MicroStrategy, the culmination of over 20 years of BI experience from the Washington based company of the same name, offers a unified enterprise platform on which to create models, documents, components, and applications, all of which are governed by a central metadata repository. This metadata repository is at the core of every MicroStrategy deployment, and is essential for every report, dashboard and application.
This blog post is going to highlight something I’ve been focusing on for the past few months. Reports. Reports. Reports. Beautifully pixel perfect reports.
In order to create reports in MicroStrategy, you have to have access to MicroStrategy Developer (previously known as MicroStrategy Desktop). MicroStrategy Developer is the BI software component that provides integrated monitoring, reporting, powerful analytics, and a decision support workflow through a visual interface on Windows-based OSs.
Reports are built using MicroStrategy’s metadata objects such as attributes, metrics and filters. These metadata objects represent the information stored in your data warehouse. Attributes provide qualitative context about your business dimensions, while metrics are the business calculations you want to analyse. Filters allow you to focus on a particular subset of the data and can include prompts, which are questions presented to the user when the report is executed. These objects are developed in MicroStrategy Architect, which is one of the sub-components of MicroStrategy Developer, and can be inserted into any number of reports.
All reports created in the developer interface are immediately available across all MicroStrategy interfaces, such as MicroStrategy web. Within MicroStrategy, you can build reports using existing report templates or create new reports from scratch leveraging reusable metadata objects. To add these attributes, metrics and filters on your report is as simple as a drag and drop movement, quite literally. Seeing that these objects are already created, you don’t need knowledge of the underlying data warehouse structure.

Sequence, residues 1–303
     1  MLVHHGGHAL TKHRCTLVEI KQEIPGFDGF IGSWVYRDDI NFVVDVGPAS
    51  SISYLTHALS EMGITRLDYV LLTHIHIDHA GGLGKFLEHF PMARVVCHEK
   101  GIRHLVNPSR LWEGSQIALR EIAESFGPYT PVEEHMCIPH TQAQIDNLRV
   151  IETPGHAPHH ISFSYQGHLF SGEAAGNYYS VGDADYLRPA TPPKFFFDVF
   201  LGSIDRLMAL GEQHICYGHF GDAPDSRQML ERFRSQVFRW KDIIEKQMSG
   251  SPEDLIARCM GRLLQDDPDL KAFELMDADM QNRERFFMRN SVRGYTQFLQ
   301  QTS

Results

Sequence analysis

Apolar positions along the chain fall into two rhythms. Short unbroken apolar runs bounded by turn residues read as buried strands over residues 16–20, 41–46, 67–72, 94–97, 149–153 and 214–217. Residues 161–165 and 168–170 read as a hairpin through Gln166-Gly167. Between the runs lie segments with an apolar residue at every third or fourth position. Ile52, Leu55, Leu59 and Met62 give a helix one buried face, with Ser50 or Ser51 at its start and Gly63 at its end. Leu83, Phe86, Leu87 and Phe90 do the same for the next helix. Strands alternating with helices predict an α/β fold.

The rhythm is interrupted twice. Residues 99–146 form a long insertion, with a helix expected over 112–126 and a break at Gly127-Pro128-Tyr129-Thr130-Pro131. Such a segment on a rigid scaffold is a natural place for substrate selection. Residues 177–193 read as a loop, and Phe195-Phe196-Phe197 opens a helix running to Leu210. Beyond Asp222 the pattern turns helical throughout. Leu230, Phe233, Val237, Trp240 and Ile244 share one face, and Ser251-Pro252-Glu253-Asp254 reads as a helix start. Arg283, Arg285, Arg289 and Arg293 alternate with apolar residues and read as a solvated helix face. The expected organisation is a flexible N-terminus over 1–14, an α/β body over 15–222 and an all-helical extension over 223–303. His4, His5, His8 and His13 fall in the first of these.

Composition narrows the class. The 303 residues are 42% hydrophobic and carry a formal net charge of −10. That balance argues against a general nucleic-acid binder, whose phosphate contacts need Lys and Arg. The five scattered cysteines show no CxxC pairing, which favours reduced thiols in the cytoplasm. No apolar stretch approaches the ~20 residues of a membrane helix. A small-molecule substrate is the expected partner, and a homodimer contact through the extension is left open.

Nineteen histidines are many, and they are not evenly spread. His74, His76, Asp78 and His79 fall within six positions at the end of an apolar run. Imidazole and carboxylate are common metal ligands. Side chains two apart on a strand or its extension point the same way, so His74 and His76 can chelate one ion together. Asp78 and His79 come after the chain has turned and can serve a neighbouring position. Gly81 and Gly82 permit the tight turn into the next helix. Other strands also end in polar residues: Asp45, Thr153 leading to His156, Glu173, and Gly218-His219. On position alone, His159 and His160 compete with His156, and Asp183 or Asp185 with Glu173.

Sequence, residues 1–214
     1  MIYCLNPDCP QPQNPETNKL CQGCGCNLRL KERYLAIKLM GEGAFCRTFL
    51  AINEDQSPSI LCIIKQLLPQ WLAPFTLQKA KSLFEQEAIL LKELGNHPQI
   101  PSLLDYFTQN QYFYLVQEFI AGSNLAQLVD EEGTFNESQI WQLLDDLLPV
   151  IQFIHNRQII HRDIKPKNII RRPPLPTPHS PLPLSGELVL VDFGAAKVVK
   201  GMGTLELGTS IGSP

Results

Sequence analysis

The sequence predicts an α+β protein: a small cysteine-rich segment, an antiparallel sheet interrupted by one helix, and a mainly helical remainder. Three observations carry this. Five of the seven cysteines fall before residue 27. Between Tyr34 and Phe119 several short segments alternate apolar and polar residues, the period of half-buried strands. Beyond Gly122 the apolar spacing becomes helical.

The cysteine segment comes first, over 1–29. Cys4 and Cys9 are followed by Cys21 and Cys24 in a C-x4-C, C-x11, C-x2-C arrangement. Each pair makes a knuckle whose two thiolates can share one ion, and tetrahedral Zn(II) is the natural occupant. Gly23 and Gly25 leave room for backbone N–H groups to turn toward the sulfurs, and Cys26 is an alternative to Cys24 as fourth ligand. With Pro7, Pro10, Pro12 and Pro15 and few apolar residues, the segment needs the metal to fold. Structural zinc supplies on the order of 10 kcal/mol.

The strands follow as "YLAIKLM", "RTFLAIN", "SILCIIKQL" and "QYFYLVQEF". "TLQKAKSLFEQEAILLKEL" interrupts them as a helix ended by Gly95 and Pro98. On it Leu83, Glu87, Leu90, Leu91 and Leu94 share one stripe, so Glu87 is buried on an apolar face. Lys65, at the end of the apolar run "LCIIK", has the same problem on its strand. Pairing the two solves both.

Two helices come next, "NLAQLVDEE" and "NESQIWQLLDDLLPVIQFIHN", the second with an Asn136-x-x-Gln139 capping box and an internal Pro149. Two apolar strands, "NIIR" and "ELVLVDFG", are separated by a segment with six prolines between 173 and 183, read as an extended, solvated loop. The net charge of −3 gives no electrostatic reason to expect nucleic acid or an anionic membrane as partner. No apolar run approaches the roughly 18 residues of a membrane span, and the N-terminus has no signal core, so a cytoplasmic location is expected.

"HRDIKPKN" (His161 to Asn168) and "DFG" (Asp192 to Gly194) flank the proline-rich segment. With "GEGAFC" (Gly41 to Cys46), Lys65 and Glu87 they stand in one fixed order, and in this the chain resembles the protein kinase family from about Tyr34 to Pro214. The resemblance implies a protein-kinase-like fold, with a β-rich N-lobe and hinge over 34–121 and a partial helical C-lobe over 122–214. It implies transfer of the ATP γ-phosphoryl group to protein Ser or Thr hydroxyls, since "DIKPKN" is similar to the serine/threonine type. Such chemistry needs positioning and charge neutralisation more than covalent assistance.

Reports can be shared to a location, giving other users access and there are no additional steps needed to publish reports to the web environment. With MicroStrategy, it is pretty easy to create reports from scratch in order to meet business requirements and make them available to all users. Reports have also been improved in MicroStrategy 10.6. The new PDF export engine improves dashboard delivery, allowing horizontal and vertical pagination.
MicroStrategy’s powerful SQL Engine writes SQL by reacting to metadata objects, dragging and dropping tables, fetching rows and columns, defining joins and specifying filtering conditions. The SQL used to execute reports can be viewed, displaying a detailed level of information, including whether the report is using a reporting caching mechanism, when the report execution started and ended, the breakdown of the execution details, including the duration in Query Engine of both the SQL statement and the analytical processing of results. Reports can also be created using FreeForm SQL, handing greater control to the user, which of course has pros and cons.
From these reports, we can create detailed documents. The source report will become the document’s dataset, displaying the same metadata objects. The detailed document offers the opportunity to customise every section of the document, allowing users to edit sections as shown below:
All in all, MicroStrategy offers a very efficient reporting tool that is not only powerful, but is also easy to use.